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Horrific crime in early 20th century Shenstone
The Pinglefield Murders

by Julian Ward-Davies BA Hons
April 2017

The incident
The incident took place on Thursday, April 18, 1929, at Pinglefield Cottages, Streetway Lane, Shenstone. It resulted in the deaths of four individuals, including two men, one woman and one child.

The four people were Henry Albert Sims, 37, his wife, Elsie Sims, 35, their son, Cyril Sims, 9, and Henry James Woodman, 25. The Sims family and Mr Woodman and his wife were neighbours at Pinglefield Cottages. Mr Sims would eventually be identified as the perpetrator of the crime.

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Pinglefield Cottages, Shenstone.

Discovery
The incident was discovered by a Lichfield postman, Richard Eton Barnfield, who was delivering mail in his post office van. The bodies of Mr Sims and Mr Woodman, together with a shotgun, were seen lying on the ground outside the cottages. Mr Barnfield immediately summoned the police. PC Spraggett and PC Thorpe investigated and the bodies of Elsie and Cyril were later found in bed together in the Sims cottage.

Dr F W Marshall was summoned to assess the injuries to the deceased and to determine the timing of events.

At about 8.30am, domestic cleaner, Florence Richardson, was cycling along Streetway Lane, on her way to Swinfen Hall to attend to the gamekeeper's bothy. As she approached the cottages, one of the police officers told her to "Look away! There has been a bit of an accident!".

Background
Henry Sims and Henry Woodman were farm labourers and both worked for Harry Foden at Shenstone Hall Farm. Mr Sims had formed the impression, quite wrongfully as things turned out, that Mr Woodman was trying to "do him out of his job".

The inquest
A few days later on Saturday, April 20, an inquest into the incident was conducted by the Walsall and South Staffordshire Coroner, Frank Cooper, at the Bull's Head Hotel, Shenstone. The foreman of the jury was Mr J Myatt JP. Various witnesses were called to give evidence.

The witnesses
Mrs Woodman, Henry Woodman's wife, stated that she had heard two gunshots a matter of seconds after her husband had left their home for work on the fateful day. She looked through the window and saw two legs, which she assumed belonged to a tramp who had fallen asleep in a hedge. She then knocked on the Sims back door, but there was no response. A few minutes later she looked out of the landing window and saw Mr Foden approaching with another man.

Dr Marshall stated that Mrs Sims and her son had died considerably earlier than Mr Sims and Mr Woodman. Mr Woodman's injuries were consistent with his having tried, unsuccessfully, to avoid an ambush. Mr Sims's injuries were, in all likelihood, self-inflicted.

Henry Dunger of Hammerwich, Mrs Sims's father, stated that his daughter had always lived on good terms with her husband and that she had never mentioned anything untoward about him.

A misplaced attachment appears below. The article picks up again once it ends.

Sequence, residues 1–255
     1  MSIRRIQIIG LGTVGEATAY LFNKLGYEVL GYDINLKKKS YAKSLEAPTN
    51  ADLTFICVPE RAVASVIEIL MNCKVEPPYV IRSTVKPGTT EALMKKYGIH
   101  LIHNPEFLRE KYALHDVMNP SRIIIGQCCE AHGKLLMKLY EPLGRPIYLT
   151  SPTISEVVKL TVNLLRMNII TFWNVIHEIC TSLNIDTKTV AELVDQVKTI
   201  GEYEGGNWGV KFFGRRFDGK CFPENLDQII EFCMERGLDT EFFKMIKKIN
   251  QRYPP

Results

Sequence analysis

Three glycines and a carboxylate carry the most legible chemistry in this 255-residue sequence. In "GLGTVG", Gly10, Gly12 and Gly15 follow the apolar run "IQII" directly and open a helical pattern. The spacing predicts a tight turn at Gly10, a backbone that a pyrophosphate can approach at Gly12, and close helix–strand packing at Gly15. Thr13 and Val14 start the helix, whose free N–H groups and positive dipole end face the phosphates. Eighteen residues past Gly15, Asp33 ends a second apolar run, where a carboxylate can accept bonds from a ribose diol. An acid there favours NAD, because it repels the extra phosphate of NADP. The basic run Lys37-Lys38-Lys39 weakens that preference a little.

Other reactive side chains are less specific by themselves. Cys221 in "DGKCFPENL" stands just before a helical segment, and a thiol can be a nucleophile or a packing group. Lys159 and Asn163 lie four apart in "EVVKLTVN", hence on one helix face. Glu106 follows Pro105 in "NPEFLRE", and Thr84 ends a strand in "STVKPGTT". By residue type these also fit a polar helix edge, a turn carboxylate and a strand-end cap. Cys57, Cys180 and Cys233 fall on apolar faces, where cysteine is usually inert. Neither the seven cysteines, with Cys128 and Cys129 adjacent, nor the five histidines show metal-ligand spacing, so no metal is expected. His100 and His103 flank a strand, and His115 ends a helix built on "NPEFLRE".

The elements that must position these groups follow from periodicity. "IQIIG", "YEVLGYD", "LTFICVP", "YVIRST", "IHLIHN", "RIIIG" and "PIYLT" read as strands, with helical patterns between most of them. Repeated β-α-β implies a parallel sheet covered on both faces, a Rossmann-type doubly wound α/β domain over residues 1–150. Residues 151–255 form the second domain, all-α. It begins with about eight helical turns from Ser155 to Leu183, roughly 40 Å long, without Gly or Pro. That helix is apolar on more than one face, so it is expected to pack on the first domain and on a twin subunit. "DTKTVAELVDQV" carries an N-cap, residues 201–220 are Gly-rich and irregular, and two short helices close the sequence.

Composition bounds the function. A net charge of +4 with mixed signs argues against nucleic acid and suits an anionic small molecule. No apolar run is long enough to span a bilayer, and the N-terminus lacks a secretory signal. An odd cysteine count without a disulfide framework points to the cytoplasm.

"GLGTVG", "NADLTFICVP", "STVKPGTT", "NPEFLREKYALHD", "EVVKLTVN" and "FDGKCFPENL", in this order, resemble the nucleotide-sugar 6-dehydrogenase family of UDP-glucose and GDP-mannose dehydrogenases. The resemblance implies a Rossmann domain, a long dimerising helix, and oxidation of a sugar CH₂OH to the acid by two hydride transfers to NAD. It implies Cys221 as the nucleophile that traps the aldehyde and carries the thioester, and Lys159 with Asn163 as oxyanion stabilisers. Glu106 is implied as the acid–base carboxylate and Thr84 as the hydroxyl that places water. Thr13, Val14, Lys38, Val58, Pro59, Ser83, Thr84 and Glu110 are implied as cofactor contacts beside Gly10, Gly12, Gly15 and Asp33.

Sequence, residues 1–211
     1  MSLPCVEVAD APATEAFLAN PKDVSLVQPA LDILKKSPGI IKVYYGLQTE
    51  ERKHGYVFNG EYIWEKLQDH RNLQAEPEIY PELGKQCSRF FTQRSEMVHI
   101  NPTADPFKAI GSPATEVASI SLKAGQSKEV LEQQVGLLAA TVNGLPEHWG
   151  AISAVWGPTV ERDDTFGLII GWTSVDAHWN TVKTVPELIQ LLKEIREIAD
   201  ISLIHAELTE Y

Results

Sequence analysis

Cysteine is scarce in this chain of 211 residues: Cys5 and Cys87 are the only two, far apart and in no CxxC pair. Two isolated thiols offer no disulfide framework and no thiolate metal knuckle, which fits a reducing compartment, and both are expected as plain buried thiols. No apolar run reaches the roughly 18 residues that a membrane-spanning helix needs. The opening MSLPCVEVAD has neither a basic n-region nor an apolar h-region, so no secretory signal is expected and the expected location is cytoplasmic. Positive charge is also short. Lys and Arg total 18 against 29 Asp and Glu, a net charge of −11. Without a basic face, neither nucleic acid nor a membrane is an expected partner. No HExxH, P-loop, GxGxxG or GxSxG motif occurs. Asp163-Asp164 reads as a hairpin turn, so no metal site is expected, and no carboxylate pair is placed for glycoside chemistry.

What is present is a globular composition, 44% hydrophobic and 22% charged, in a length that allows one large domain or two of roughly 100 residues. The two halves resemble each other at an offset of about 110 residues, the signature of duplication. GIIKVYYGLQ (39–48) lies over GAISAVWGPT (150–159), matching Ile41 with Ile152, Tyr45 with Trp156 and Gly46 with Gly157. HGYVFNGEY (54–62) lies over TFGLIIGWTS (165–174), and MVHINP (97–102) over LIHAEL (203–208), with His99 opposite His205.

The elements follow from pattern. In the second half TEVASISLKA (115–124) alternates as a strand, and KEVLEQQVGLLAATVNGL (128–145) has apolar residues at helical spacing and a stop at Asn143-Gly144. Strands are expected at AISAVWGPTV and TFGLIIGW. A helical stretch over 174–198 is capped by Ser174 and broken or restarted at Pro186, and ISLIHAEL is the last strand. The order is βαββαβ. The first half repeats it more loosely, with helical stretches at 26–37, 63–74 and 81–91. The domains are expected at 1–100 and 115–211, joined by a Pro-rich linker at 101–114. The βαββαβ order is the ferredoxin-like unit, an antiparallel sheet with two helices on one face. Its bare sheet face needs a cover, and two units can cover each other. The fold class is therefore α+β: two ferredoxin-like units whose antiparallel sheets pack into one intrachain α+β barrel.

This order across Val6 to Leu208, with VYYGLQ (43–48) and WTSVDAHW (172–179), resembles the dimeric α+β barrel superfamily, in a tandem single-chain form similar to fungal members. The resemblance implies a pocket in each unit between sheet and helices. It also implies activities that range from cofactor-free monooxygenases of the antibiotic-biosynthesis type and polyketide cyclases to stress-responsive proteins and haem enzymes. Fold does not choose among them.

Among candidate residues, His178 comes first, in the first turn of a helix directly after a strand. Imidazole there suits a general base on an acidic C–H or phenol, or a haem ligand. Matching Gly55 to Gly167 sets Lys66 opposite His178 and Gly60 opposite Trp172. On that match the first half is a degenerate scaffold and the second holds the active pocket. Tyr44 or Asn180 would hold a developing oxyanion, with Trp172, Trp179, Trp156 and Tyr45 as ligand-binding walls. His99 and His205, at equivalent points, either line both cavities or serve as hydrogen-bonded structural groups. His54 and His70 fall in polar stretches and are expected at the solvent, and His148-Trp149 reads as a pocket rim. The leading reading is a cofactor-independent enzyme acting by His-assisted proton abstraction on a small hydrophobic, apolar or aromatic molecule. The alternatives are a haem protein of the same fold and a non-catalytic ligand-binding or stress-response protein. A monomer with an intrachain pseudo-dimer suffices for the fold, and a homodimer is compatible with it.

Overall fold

Nellie Hinds, an employee at Shenstone Hall Farm, stated that she had heard the two men quarrelling in the dairy and she had seen Mr Sims squaring up to Mr Woodman, but no blows were exchanged. She also stated that Mr Sims had seemed very unsteady on his feet when carrying a bucket of water in the farmyard and that he had asked her what she was laughing at, although she had not been laughing.

Harry Foden, of Shenstone Hall Farm, stated that as far as he knew, the two men were on friendly terms and that they were both satisfactory workers. He had noticed nothing peculiar about Mr Sims on the Wednesday morning. Asked if Mr Woodman had attempted to get Mr Sims out of his job, Mr Foden replied that he had not and that Mr Woodman was never in a position to do so anyway.

Arthur Hubert Sims of Berkhamsted, Henry Sims's brother, replied in the negative when he was asked if there had been any form of insanity apparent on either side of his family. He also identified the handwriting as that of his brother that was contained in three letters that had been found in the course of the police investigation. One was addressed to the brothers' parents, Mr and Mrs Sims, one to Mr Dunger and one to the Coroner.

The court's conclusions
The court concluded that Mr Sims had laboured under the delusion that Mr Woodman was attempting to get him out of his job. As a result, he had formed the intention to kill him. He first killed his wife and child so as to ensure that they were not left behind. He then waited for Mr Woodman to emerge from his house in the morning before shooting him dead. He then turned the weapon on himself.

The inquest jury returned a verdict of Murder without seeing the need to retire to consider its decision.

Legacy
The incident had a profound effect on local lore and has stayed in public conciousness in one way or another ever since. The story became distorted over the years to suggest that marital infidelity was behind the murders. However, it seems that Mr Sims had suffered some sort of psychotic breakdown and that the killings took place while the balance of his mind was disturbed.

To this day, Pinglefield Cottages are referred to as Murder Cottages by many people.



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© Julian Ward-Davies 2017

Thanks to Dot Smith for the copy of the original Lichfield Mercury story

Design, image editing and programming are the work of the author.

If you have any information, suggestions and/or photographs relating to the subject matter, no matter how trivial, please contact the author by one of the methods shown below.

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